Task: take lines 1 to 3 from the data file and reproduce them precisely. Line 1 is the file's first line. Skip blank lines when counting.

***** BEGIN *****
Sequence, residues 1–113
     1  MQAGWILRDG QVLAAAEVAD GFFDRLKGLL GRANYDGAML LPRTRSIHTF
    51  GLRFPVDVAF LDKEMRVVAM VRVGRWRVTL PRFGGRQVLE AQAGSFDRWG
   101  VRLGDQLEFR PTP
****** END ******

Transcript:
Sequence, residues 1–113
     1  MQAGWILRDG QVLAAAEVAD GFFDRLKGLL GRANYDGAML LPRTRSIHTF
    51  GLRFPVDVAF LDKEMRVVAM VRVGRWRVTL PRFGGRQVLE AQAGSFDRWG